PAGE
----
In a city that has continually pushed for stricter gun laws, the Chicago Police Department has routinely failed to flag people whom it considers mentally unfit to legally carry a gun.
The office of the city Inspector General Joseph Ferguson received a complaint in January of 2017 that raised concerns about the CPD returning guns to individuals who had threatened suicide, the Chicago Tribune reports. Ferguson's office then crafted a report, released last week, that outlined the CPD's neglect.
The report revealed that, although the state Firearm Owners Identification Card Act required officers to notify Illinois State Police within 24 hours of determining a person was a "clear and present danger," officers only notified state police once in 37 incidents over three and a half years.
The report also determined that officers were never given any training on how to submit the necessary form—called a "Person Determined to Pose a Clear and Present Danger" form—to alert the state police.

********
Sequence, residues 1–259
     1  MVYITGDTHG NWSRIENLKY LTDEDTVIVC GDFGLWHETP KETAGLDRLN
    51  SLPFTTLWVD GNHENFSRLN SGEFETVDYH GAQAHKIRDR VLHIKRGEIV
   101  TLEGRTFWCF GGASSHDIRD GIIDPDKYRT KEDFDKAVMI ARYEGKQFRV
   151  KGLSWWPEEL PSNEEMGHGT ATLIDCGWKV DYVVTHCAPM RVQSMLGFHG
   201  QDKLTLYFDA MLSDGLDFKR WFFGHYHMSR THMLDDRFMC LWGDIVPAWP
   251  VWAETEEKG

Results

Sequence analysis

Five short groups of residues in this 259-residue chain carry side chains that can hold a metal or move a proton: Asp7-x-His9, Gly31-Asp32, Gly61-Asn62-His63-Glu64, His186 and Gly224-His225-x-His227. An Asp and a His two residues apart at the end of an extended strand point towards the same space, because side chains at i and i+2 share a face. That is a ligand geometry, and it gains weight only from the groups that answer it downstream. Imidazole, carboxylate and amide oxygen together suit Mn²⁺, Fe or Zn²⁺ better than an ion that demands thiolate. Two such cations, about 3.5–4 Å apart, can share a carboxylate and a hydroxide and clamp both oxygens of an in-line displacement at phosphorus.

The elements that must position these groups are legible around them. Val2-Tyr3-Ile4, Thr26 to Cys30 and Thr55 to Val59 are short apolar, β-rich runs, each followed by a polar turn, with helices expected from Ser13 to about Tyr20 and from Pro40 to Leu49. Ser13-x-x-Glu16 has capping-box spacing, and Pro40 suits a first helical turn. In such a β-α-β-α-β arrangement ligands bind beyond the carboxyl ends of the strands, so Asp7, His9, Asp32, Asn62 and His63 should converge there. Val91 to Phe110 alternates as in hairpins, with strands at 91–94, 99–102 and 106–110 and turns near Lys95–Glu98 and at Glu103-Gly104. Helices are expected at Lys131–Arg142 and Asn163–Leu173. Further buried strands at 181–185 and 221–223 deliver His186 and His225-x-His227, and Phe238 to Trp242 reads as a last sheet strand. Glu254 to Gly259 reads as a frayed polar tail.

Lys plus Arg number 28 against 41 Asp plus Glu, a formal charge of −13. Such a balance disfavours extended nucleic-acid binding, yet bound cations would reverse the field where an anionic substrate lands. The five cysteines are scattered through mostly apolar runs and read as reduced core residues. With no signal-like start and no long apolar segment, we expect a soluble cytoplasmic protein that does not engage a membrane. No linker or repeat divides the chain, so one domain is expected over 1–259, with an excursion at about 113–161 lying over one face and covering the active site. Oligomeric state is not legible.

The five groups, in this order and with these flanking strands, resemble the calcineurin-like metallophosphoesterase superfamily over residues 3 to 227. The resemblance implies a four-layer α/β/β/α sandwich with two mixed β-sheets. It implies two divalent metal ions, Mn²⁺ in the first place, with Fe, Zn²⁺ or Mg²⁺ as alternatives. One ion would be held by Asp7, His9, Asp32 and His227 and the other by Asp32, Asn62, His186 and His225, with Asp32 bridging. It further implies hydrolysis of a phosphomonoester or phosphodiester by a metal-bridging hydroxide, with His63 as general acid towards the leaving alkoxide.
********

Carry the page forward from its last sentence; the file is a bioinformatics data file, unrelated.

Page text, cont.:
Ferguson's office recommended that the CPD provide officer training on the FOID Act, guidance on what constitutes "clear and present danger," and instruction on how to properly complete and submit forms and other necessary identification.
The inspector general said in a press release that his report shows the benefits of civilian oversight in helping the CPD to improve public safety.
"CPD's noncompliance with the FOID Card Act has deprived it of a critical tool to take guns out of the hands of individuals who pose a threat to public safety as part of its larger effort to combat gun violence," Ferguson said.